Train Travels: Volume 7 – Scotland 2

This is my seventh post about the various things we have seen from the train window as we have been travelling around the country. This post covers the South of England and a 2nd look at Scotland.


Scottish Lowlands

We have travelled up to Glasgow Central from Carlisle a few times now, and the line cuts through the Scottish Lowlands, a vast hilly area full of great landscapes. There are many things to see, from hills, peaks and stretching countryside, and it makes for a relaxing journey.


Dumbarton Rock and Castle

On the train line from Glasgow Central to Weymss Bay on the coast, the train goes along the side of the firth of Clyde before bending round to the coast itself. In the firth you can see Dumbarton Rock, at the bottom of which sits Dumbarton Castle.

The top of the rock is 240 feet tall, and the original medieval Castle used to sit atop it. Most of the original buildings have been lost, as it faced many battles. Amongst the surviving sections include a Portcullis Arch from the 14th century, and a 16th century Guard House. Some of these do still sit at the top of the rock, but the main buildings are now at the bottom.

It is open to the public and during the different seasons you can climb the 557 steps up to White Tower Crag, at the very top of the rock.


Station Decorations

On the way to the town of Balloch, at the foot of Loch Lomond, we passed this awesome little train decoration at one of the intermediate stations. It takes the form of a train, and contains some lovely flower decorations. I haven’t seen one of these before and it amused me. It’s one train that will always be on time!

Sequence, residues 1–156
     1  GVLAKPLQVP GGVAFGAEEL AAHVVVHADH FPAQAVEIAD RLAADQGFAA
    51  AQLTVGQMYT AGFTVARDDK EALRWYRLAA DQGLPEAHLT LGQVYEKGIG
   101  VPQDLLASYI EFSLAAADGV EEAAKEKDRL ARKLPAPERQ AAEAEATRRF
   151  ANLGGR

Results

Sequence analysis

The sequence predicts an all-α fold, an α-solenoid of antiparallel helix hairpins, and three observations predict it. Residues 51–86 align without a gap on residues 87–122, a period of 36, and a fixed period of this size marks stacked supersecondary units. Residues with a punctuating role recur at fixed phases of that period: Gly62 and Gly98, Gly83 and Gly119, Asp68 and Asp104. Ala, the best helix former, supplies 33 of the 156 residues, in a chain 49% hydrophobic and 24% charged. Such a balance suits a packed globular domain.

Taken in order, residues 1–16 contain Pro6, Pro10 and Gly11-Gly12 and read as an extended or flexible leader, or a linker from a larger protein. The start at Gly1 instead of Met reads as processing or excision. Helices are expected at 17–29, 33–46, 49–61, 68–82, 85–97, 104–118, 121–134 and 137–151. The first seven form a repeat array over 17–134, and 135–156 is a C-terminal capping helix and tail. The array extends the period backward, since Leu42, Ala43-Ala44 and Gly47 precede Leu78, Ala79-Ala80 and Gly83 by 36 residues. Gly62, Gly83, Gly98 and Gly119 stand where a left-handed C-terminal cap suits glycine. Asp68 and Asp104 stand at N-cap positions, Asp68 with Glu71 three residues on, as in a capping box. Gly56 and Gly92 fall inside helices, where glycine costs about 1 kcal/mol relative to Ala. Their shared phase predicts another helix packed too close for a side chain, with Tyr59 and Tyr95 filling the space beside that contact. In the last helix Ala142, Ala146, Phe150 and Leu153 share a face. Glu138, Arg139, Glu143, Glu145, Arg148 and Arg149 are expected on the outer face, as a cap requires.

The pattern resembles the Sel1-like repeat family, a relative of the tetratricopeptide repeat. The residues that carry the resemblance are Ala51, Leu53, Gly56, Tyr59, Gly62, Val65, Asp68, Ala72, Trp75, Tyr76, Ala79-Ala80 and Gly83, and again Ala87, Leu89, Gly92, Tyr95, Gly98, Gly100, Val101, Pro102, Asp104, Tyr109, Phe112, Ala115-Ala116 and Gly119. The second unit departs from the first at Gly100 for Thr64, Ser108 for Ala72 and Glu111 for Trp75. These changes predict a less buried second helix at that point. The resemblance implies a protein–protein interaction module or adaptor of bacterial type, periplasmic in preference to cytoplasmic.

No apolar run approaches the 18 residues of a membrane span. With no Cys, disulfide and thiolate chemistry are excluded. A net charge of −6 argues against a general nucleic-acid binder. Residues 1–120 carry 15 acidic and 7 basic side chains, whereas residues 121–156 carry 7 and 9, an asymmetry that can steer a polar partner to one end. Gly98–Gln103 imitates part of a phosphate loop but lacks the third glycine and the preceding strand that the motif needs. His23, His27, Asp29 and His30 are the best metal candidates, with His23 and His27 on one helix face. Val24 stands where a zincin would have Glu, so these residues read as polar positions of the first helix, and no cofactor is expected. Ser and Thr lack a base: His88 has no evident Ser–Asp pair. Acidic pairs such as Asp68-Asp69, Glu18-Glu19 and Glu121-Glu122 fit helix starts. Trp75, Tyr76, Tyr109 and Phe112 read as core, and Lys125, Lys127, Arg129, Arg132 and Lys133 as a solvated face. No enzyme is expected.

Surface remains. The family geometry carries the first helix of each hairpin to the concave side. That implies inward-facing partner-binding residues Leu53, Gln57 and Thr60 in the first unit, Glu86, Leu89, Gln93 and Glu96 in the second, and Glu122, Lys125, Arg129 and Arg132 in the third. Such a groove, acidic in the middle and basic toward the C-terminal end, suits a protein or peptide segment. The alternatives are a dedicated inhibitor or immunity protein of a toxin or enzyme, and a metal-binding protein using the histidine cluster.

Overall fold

Coming in to Paisley from Weymss Bay we got a great view of the Thomas Coats Memorial Church, which is featured at the back of the picture on the right, with the beautiful crown spire.

It opened in 1894 and is the largest Baptist Church in Europe. The detail both inside and outside is fantastic with mosaics and fountains all around the building. This was an area of Paisley we didn’t get too when we were exploring the town itself as it was quite a way out from the train station we pulled in at.


Paisley Cathedral

On the way back from Paisley towards Glasgow Central we passed Paisley Cathedral, called St Mirin’s. It was opened in 1931, and became a Cathedral in 1948, and is one of the smaller Cathedral’s we have seen, but this makes it no less important.


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